Michael Rhodes is an American bass player, known for his session work and touring in support of other artists, and his collaborations in bands and ensembles.
Rhodes was born in Monroe, Louisiana, and taught himself to play the guitar by age 13 and the bass soon after. In the early '70s, Rhodes moved to
Austin, Texas, where he performed with local bands. Four years later, Rhodes moved to Memphis, Tennessee, where he performed with Charlie Rich's son Alan.
In 1977, Rhodes moved to
Nashville, and he joined local band The Nerve with Ricky Rector and Danny Rhodes. He worked as a demo musician for Tree Publishing Company, and then as a session player.
Rodney Crowell, Steuart Smith, Eddie Bayers, and Vince Santoro in the Cicadas. They recorded one album in 1997, but had been playing together for more than a decade.  Rhodes was also a member of The  Notorious Cherry Bombs, with Crowell, Bayers, Vince Gill, Hank DeVito, and Richard Bennett.
Rhodes has contributed to the recordings of numerous artists, including
Neal McCoy, Chely Wright,  Pat McLaughlin  Doug Stone, Wynonna Judd, Steve Winwood,  Larry Carlton,  the Dixie Chicks, Reba McEntire, Tanya Tucker, Hank Williams, Jr., Rosanne Cash, Vince Gill, Dolly Parton, Randy Travis, Faith Hill, Toby Keith, and Kenny Chesney. 
He is an active sideman in recordings and touring of
Rhodes was inducted into the
Musicians Hall of Fame and Museum in 2019.
Besides session work, Rhodes is a member of several local bands who play frequently in Nashville-area venues:
The Fortunate Sons, with
Gary Nicholson, Kenny Greenberg, Chad Cromwell, and Reese Winans.  The Players, with
Eddie Bayers (drums), John Hobbs (keyboards), Paul Franklin (steel guitar), and Brent Mason (guitar). They often perform with other artists, such as  Vince Gill.  The Vinyl Kings, playing original Beatles style music, with
Jim Photoglo, Vince Melamed (keyboards), Larry Byrom (keyboards), Larry Lee (percussion), Josh Leo (guitar), and Harry Stinson (drums).  TAR (Trapp, Abbott, and Rhodes), a power trio with Guthrie Trapp (guitar), and Pete Abbott (drums).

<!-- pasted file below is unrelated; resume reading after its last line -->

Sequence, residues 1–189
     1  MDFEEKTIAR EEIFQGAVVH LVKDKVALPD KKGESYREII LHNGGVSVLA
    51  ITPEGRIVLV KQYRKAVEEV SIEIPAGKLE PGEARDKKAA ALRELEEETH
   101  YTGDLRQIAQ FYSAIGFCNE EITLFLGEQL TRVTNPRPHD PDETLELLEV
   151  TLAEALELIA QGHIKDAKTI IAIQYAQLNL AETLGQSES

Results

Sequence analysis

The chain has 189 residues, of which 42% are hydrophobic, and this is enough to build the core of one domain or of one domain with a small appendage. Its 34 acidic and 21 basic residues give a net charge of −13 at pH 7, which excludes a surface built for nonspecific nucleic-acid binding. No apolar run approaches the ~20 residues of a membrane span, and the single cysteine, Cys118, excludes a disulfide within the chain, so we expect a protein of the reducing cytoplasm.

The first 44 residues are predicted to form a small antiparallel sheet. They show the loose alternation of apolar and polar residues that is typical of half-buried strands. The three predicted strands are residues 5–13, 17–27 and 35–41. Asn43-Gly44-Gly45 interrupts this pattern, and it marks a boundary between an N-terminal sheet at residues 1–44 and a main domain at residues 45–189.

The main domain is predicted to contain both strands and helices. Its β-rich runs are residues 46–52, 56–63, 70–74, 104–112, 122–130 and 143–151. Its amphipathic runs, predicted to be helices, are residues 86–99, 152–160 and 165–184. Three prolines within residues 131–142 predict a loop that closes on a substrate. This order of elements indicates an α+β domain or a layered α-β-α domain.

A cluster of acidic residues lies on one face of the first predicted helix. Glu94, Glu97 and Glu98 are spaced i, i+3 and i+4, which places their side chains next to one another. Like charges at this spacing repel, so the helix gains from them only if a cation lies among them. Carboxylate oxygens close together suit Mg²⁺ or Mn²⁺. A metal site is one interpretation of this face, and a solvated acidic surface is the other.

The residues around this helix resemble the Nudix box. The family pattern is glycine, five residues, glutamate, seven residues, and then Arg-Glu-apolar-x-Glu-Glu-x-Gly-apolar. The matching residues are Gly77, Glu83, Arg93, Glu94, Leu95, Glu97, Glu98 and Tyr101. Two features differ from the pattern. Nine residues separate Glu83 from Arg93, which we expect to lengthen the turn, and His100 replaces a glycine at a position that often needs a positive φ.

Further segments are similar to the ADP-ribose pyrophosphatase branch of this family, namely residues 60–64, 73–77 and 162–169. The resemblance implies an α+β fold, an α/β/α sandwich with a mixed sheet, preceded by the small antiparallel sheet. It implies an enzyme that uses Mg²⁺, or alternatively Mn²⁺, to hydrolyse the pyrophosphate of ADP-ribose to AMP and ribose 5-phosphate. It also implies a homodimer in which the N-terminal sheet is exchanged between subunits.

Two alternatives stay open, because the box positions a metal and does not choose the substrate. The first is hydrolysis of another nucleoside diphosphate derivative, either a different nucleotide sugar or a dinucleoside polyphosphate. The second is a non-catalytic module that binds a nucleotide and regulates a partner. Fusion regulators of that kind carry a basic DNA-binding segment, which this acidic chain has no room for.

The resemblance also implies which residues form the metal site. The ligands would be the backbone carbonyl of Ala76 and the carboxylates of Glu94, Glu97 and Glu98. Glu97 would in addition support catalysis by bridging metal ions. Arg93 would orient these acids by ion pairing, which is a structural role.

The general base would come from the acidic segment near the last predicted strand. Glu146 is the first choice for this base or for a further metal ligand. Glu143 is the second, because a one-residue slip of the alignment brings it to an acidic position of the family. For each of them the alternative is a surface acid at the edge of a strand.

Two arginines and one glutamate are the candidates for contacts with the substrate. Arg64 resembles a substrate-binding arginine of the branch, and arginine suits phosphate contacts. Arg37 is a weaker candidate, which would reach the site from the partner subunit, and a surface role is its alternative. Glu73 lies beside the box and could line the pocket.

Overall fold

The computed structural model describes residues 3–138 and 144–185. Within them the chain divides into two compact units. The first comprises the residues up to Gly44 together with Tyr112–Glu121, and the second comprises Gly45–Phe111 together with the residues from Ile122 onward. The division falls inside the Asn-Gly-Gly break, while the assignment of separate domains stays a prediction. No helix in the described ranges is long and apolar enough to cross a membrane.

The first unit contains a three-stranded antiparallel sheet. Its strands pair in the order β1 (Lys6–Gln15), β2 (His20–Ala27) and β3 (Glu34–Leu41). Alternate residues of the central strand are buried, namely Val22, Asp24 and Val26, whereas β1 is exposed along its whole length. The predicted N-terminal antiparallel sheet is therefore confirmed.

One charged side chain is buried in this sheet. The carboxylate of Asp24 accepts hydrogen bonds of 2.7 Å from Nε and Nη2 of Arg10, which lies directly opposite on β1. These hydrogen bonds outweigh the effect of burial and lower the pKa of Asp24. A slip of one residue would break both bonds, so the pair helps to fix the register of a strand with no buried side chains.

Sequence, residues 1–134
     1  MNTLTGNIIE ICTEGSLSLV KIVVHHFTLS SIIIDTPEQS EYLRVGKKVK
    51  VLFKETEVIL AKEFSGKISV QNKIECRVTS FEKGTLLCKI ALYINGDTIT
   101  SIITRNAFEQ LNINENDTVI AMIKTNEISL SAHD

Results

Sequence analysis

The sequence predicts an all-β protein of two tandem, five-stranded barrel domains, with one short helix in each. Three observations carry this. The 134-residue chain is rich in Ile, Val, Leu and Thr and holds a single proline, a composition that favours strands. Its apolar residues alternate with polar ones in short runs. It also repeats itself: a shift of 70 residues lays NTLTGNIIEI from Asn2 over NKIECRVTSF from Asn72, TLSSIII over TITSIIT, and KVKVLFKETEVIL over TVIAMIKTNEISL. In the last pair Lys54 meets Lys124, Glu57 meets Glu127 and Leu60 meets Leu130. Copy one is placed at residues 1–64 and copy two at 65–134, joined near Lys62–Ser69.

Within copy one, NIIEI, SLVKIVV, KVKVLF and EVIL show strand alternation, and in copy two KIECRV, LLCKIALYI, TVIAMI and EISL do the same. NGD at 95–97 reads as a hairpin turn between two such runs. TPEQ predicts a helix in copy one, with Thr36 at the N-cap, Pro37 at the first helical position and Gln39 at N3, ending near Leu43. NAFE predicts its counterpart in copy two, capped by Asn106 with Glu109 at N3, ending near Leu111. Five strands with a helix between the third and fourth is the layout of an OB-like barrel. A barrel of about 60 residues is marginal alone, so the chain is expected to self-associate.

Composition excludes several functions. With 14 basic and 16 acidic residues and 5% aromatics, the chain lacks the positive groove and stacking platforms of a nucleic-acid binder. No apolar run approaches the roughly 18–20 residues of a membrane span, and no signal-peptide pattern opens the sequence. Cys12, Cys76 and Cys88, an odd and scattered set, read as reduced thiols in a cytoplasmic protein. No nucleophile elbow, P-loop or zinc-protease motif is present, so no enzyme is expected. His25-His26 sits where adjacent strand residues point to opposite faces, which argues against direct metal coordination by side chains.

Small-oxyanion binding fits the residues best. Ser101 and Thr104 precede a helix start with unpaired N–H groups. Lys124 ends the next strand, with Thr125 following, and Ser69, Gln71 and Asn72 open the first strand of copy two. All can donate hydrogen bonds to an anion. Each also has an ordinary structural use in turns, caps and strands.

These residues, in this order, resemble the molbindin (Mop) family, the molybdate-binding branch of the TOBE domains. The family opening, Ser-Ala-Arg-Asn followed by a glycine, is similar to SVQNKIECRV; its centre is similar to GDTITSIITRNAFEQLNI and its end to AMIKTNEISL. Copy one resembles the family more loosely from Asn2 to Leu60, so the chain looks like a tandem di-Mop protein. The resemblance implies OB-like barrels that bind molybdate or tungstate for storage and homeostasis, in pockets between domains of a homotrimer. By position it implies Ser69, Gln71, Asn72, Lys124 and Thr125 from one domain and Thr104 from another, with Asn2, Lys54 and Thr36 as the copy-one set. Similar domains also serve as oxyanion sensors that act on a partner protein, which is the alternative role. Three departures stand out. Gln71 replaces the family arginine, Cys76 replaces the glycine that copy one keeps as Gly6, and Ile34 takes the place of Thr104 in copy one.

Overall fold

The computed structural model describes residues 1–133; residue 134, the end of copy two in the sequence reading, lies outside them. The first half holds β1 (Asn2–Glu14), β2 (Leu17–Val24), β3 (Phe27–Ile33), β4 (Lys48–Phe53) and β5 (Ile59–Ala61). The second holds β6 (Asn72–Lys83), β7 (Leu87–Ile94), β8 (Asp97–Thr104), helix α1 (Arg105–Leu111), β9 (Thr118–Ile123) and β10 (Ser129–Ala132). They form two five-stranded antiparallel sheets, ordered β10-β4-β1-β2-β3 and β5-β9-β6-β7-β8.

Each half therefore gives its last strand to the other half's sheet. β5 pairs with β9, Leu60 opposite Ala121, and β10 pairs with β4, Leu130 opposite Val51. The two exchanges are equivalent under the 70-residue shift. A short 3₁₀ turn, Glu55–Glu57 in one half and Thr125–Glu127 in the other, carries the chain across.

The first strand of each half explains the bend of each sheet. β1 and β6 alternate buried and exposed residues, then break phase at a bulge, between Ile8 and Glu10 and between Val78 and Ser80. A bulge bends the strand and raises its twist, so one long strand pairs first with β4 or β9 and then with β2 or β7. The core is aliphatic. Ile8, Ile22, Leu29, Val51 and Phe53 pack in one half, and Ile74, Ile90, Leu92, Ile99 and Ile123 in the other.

The World Famous Headliners, led by Al Anderson, and featuring Shawn Camp, Pat McLaughlin, and Greg Morrow. 
In 2016, Rhodes won Bass Player of the Year as awarded by the Academy of Country Music.
With the Vinyl Kings
A Little Trip (self-released) 2005: Time Machine (self-released) 
With The Players
The Players (Medallion) 2004: Live in Nashville DVD (Image)
With the World Famous Headliners
2011: The World Famous Headliners (Big Yellow Dog) 
Also appears on
1979 - 1989
1990 - 1992
1993 - 1995
1996 - 1997
1998 - 1999
2000 - 2002
2003 - 2005
2006 - 2009
2010 - 2012
2013 - 2014
2015 - present
^ a b
Ryan Madora (November 13, 2015). "Bass Players To Know: Michael Rhodes". No Treble . Retrieved 2017.
CMHOF Staff (February 12, 2015). "Renowned Bassist Michael Rhodes Named Next Nashville Cat". Country Music Hall of Fame . Retrieved 2017.
Rick Petreycik (October 31, 1997). "Cicadas - self-titled". No Depression . Retrieved 2017.
Aarik Danielsen (February 5, 2008). "The Cicadas". Popmatters . Retrieved 2017.
"Eddie Bayers". Modern Drummer. May 1, 2005 . Retrieved 2017.
Rick Allen (September 1, 2010). "Chely Wright: Lifted Off the Ground". Vintage Guitar . Retrieved 2017.
"Never Mind The Grammy's, Here's Pat McLaughlin". No Depression. February 12, 2013 . Retrieved 2017.
Jim Washburn (May 13, 1991). "Steve Winwood Comes Alive at Amphitheatre Concert". Los Angeles Times . Retrieved 2017.
Michael P. Gladstone (February 12, 2004). "Larry Carlton: Sapphire Blue". All About Jazz . Retrieved 2017.
Thomas Semioli (September 25, 2015). "Michael Rhodes". Know Your Bass Player . Retrieved 2017.
Lizza Connor Bowen (October 1, 2009). "Michael Rhodes: Deep Down Cool". Nashville Arts Magazine . Retrieved 2017.
Sarah Skates (November 6, 2009). "Gary Nicholson Celebrates 60 With NSAI Benefit". Music Row . Retrieved 2017.
"Keyboardist John Hobbs to Be Honored as Newest Nashville Cat". Cybergrass. February 17, 2012 . Retrieved 2017.
"Video of the Day: Michael Rhodes with The Players and Vince Gill: "Don't Try This At Home. "" Bass Frontiers. July 19, 2011 . Retrieved 2017.
Gary Glauber (November 5, 2002). "Vinyl Kings: A Little Trip". Popmatters . Retrieved 2017.
"TAR (Trapp, Abbott, and Rhodes)". Guthrie Trapp . Retrieved 2017.
Brian K. Saunders (February 1, 2016). "Six Strings from Stardom: Guthrie Trapp". Fretboard Journal . Retrieved 2017.
Dan Harr (August 21, 2012). "The World Famous Headliners Release New CD Today". Nashville Music News . Retrieved 2017.
"2016 Studio Recording Awards Winners". Academy of Country Music . Retrieved 2017.
Dan Kening (May 16, 1997). "The Cicadas: The Cicadas (Warner Bros.)". Chicago Tribune . Retrieved 2017.
Jean-Luc Raymond (January 29, 2005). "Vinyl Kings: Time Machine". West Coast Music in France . Retrieved 2017.
Bob Gottlieb. "The World Famous Headliners". Folk & Acoustic Music Exchange . Retrieved 2017.